(London: Macmillan and Co., 1875). 226 x 151 mm. (9 x 6"). xx, 370 pp. Third Edition.
VERY PRETTY SCARLET CRUSHED MOROCCO, GILT, BY LUCIEN BROCA (stamp-signed on front turn-in), covers with decorative roll border and frame of gilt and blind rules, central panel diapered in ogival compartments, each containing a lily, raised bands, spine compartments gilt in a similar design, gilt lettering, densely gilt turn-ins, marbled endpapers, all edges gilt. With eight steel-engraved plates, including five folding manuscript facsimiles, 88 wood engravings (the majority head- and tailpieces but some full-page), and EXTRA-ILLUSTRATED with 24 engraved portraits of artists whose work is represented in the house and notable personages who visited there, all the added plates with tissue guards. ◆Spine just slightly and evenly darkened, a breath of rubbing to rear joint, mild foxing to a few of the inserted plates, but A VERY FINE COPY--the text clean and fresh, and the most attractive binding with virtually no signs of wear.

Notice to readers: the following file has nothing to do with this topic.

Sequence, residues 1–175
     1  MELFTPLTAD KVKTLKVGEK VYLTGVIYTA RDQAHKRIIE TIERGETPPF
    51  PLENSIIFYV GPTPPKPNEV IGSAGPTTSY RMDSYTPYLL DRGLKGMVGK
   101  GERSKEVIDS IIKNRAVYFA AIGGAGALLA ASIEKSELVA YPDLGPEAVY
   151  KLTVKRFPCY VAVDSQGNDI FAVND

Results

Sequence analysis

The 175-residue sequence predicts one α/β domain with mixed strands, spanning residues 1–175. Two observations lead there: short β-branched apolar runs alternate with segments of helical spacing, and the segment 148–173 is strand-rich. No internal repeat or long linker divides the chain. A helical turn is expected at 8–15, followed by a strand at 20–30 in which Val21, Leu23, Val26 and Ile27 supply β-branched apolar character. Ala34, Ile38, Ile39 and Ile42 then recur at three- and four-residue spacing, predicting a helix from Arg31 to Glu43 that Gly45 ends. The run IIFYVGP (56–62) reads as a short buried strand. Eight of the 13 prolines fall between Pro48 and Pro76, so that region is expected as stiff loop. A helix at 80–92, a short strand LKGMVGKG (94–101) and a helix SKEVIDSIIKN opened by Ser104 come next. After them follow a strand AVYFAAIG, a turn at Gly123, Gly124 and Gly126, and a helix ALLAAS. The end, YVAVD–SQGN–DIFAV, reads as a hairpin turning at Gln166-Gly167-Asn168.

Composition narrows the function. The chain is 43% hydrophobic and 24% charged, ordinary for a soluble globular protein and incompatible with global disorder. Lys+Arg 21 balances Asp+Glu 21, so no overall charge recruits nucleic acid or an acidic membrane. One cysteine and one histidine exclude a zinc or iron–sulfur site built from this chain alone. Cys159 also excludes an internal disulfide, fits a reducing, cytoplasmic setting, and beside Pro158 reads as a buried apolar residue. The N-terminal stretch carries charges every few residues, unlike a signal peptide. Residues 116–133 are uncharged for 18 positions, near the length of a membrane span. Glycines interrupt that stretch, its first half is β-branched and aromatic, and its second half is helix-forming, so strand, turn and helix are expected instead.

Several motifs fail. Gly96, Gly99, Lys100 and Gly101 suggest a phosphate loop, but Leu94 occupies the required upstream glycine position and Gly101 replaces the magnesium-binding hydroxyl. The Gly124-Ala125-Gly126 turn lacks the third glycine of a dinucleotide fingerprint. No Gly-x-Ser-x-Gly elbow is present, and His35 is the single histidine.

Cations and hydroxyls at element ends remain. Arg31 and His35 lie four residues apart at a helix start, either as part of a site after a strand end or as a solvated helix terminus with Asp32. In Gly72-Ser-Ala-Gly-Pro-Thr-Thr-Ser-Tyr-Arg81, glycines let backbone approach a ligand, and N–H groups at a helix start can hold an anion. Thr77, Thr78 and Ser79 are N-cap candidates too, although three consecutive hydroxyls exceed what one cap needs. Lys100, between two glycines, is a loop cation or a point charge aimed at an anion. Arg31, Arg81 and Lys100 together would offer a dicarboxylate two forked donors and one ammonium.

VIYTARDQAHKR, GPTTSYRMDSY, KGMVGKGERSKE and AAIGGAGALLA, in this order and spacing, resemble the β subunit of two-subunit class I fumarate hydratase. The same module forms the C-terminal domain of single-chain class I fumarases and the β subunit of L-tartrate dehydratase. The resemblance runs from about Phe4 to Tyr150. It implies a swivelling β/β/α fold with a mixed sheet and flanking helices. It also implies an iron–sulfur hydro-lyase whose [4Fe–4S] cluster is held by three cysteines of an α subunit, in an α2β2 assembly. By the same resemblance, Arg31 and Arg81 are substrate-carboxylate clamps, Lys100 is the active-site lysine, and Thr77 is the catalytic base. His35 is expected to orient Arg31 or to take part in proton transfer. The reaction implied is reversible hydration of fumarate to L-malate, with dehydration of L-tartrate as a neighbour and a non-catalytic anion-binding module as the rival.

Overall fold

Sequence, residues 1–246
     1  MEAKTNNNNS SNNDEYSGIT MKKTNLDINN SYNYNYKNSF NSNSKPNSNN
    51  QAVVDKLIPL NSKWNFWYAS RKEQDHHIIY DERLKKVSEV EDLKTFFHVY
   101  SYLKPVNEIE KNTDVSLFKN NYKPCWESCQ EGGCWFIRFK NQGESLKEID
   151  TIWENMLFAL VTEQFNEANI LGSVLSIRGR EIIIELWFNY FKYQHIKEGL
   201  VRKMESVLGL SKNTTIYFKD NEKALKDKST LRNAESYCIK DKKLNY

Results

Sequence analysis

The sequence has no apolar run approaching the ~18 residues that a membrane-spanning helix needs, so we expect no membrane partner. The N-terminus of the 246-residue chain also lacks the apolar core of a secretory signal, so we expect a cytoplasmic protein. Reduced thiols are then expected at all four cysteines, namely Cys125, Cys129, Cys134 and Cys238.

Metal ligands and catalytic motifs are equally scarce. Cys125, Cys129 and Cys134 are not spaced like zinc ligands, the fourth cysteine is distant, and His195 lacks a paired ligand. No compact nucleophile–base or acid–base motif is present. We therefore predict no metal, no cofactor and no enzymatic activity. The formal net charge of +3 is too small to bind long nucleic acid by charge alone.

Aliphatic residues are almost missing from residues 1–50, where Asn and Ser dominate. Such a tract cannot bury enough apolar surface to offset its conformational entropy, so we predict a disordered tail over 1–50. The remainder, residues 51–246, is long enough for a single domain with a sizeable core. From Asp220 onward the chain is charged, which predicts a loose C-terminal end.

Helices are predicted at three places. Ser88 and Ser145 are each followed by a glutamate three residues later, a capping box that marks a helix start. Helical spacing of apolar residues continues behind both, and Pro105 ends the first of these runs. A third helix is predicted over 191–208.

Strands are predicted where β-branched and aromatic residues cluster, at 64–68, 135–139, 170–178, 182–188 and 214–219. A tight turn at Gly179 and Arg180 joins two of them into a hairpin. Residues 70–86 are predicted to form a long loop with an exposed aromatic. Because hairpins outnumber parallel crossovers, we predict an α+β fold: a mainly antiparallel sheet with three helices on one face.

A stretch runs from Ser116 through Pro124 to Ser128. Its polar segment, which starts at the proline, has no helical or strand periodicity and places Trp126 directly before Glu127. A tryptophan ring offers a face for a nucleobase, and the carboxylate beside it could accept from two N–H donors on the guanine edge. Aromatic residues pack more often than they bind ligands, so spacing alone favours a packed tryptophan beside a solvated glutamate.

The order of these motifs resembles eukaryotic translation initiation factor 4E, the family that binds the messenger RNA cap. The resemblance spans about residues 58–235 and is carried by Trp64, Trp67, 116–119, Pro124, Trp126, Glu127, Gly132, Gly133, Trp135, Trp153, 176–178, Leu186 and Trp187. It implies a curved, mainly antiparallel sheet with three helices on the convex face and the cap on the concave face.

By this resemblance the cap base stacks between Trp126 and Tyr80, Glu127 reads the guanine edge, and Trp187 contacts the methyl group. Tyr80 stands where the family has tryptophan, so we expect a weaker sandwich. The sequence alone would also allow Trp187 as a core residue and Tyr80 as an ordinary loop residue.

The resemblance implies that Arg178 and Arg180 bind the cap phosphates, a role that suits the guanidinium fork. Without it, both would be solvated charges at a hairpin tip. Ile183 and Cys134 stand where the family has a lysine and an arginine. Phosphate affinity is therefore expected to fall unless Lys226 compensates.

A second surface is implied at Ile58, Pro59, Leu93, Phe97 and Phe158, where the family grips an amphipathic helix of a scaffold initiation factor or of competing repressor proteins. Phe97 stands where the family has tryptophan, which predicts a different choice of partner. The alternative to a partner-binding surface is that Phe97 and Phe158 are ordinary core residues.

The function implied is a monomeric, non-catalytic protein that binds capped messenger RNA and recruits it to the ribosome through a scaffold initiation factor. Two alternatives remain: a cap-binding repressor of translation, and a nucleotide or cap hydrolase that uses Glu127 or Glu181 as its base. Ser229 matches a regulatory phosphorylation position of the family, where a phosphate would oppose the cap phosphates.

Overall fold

This is a handsomely bound and extra-illustrated history of one of England's most celebrated stately homes, Holland House, here minutely described with all its furnishings and grounds, along with numerous anecdotes of its distinguished inhabitants. Located in Kensington, which today has long been engulfed by greater London, the mansion began life as Cope Castle, built beginning in 1607 by Sir Walter Cope. From Sir Walter, the manor passed to his daughter Isabel, wife of Henry Rich, who became the first Earl of Holland in 1624. Like the king to whom he was loyal, Rich was beheaded in 1649. Later in the century, Holland House was rented by William Penn, and in 1767 it was bought by Henry Fox, first Lord Holland (1705-74), who held the position of leader of the House of Commons. In its day, Holland House hosted the leading lights of Europe, including Byron and the future American president James Monroe. Our author, Princess Marie Henriette Norberte of Liechtenstein (1843-1931), was motivated to write these memoirs by her friendship with the widow of the fourth Lord Holland. The very attractive binding is the work of French-born binder Lucien Broca (1829-1910), who immigrated to London in 1875. According to Tidcombe's "Women Bookbinders," Broca was a "superb trade finisher" who originally worked for Antoine Chatelin, then went into partnership with German émigré Simon Kauffmann from 1876 to 1889. Tidcombe and Sarah Prideaux's former pupil Katherine Adams believe that most of the bindings attributed to Prideaux between 1890 and 1900--some 290 volumes--were actually done by Broca, with Tidcombe giving the Frenchman credit for the "best Prideaux bindings." Prideaux never publicly acknowledged his work, perhaps for fear of disappointing fans of the most famous woman bookbinder in England. Broca was in business for himself as an "Art Binder" in 1901, and our binding was probably done about that time. The beauty of the present design is dependent on his perfection of finish--crispness of line and solidity of impression were Broca's hallmarks. (ST18174)